They cannot abide each other. Theirs is not a rivalry confined to the football pitch or to history in the form of the white rose versus the red rose – although that should give some indication of the tensions that exist.
Just because they have one common enemy, London, does not mean they are joined at the hip. Quite the reverse.
O’Neill may have invented Brics but he did not suggest Russia, India and China should link arms – if he had he would have received the same response as if he’d suggested that Manchester, Sheffield, Leeds and Liverpool should unite. It can’t happen.
They share the same jokes, humour, folklore and culture. To an extent their histories are similar. But within the different city halls, deep-seated rivalries remain.
There is another single target, shared by all the cities bar one. The other places cannot stand Manchester.
They’re aggrieved at the way Manchester has claimed “Second City” status, annoyed that of all the Northern cities it has received the biggest overhaul (thanks largely to the Commonwealth Games and the IRA bombing of its shopping centre), and suspicious of its future intentions.
It’s not gone unnoticed that O’Neill is a Manc, that his city appears first in his chosen moniker, that the BBC has relocated to Greater Manchester, that much of the chat revolves around the North-West city.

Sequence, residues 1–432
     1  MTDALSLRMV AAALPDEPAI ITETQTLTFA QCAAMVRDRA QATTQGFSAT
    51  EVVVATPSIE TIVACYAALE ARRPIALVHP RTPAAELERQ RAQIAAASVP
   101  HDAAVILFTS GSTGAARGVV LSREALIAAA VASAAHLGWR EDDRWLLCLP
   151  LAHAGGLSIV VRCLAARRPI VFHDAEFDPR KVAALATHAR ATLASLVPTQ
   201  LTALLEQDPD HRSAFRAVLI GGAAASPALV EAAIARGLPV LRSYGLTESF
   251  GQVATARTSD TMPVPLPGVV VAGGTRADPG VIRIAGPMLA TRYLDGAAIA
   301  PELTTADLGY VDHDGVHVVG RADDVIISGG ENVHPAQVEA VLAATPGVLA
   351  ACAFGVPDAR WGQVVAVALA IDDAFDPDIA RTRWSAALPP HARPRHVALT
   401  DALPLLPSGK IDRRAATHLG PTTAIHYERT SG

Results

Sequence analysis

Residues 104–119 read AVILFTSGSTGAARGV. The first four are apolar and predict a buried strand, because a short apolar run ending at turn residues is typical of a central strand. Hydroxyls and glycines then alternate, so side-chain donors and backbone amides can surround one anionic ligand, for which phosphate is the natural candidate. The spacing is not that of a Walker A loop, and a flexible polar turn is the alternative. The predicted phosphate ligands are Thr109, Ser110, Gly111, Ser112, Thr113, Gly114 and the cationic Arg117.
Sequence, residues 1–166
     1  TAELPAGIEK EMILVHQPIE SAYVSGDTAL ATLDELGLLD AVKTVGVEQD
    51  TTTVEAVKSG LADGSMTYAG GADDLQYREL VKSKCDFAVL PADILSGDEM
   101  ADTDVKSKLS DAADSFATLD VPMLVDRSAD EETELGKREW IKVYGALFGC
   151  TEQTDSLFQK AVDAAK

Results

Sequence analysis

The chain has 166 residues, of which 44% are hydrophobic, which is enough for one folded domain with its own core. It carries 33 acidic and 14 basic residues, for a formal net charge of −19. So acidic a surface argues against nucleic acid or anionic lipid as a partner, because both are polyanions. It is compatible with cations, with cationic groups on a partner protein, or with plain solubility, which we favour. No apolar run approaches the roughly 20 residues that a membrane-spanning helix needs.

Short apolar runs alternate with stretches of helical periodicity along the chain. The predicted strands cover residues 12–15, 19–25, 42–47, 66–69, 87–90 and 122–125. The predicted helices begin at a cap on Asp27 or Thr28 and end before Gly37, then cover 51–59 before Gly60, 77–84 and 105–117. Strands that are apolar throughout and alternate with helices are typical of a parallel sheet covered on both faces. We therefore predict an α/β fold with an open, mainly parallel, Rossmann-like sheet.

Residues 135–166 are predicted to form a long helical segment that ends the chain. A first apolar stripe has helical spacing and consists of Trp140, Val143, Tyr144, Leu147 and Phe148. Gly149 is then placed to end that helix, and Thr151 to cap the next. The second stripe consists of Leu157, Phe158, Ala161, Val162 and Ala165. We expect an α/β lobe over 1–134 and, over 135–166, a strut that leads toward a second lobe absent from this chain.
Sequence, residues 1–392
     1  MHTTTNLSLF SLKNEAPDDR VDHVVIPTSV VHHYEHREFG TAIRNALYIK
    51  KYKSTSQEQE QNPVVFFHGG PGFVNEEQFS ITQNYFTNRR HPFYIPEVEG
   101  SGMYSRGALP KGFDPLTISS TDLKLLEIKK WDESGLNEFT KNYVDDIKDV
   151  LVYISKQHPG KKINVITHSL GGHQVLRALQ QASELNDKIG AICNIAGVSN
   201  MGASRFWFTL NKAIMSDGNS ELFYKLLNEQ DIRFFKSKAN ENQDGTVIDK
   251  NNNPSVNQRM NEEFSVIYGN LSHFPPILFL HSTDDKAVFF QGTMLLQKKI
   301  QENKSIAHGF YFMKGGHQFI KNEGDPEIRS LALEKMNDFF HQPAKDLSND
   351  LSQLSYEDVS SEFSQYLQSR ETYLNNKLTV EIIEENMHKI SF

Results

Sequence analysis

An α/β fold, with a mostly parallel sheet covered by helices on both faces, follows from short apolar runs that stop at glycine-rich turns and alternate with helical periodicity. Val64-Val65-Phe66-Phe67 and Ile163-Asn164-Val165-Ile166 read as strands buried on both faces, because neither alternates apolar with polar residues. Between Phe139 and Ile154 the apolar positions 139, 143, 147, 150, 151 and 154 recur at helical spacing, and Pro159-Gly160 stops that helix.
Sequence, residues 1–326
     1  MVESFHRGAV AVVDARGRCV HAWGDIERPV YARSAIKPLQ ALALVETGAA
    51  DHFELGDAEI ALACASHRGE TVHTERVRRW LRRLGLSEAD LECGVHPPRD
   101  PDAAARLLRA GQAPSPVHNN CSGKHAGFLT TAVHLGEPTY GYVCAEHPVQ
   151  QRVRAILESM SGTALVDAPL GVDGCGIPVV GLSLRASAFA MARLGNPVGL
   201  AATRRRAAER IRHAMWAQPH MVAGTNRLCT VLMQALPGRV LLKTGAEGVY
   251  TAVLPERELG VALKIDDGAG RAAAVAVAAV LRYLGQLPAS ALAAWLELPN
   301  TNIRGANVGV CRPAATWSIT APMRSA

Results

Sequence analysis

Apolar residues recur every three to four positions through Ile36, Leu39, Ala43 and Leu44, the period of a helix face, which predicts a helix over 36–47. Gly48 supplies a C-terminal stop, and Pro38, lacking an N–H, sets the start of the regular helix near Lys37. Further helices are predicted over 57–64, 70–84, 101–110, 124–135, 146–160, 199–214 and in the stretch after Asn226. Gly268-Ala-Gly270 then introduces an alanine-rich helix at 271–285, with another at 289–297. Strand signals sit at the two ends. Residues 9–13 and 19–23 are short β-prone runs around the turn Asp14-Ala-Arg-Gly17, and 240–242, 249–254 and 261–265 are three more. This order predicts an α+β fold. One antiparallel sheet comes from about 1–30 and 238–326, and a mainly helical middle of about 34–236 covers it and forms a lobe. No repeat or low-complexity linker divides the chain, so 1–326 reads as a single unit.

There’s no doubt in their minds as to which of them sees itself as the natural leader, the regional hub and prime influence.
In his report O’Neill is sensitive to the simmering hostility, arguing they must get over their mutual animosity and work together, especially if they wish to receive more say over spending. It’s impossible, however, not to see rows galore ahead.
Their situation is not the same as that which exists between Edinburgh and Glasgow or Cardiff and Swansea. Both Edinburgh and Cardiff were anointed by London as their nation’s capitals, and became governmental satellites with imposing architecture to match.
Manchester, for all its pretension to grandeur, is really little different from its fellow Northern cities. In fact, it’s remarkable how similar they are.
If Scotland can have “devo max”, the rest of Britain deserves it too. Let no one pretend, though that it’s going to be easy.Reuse content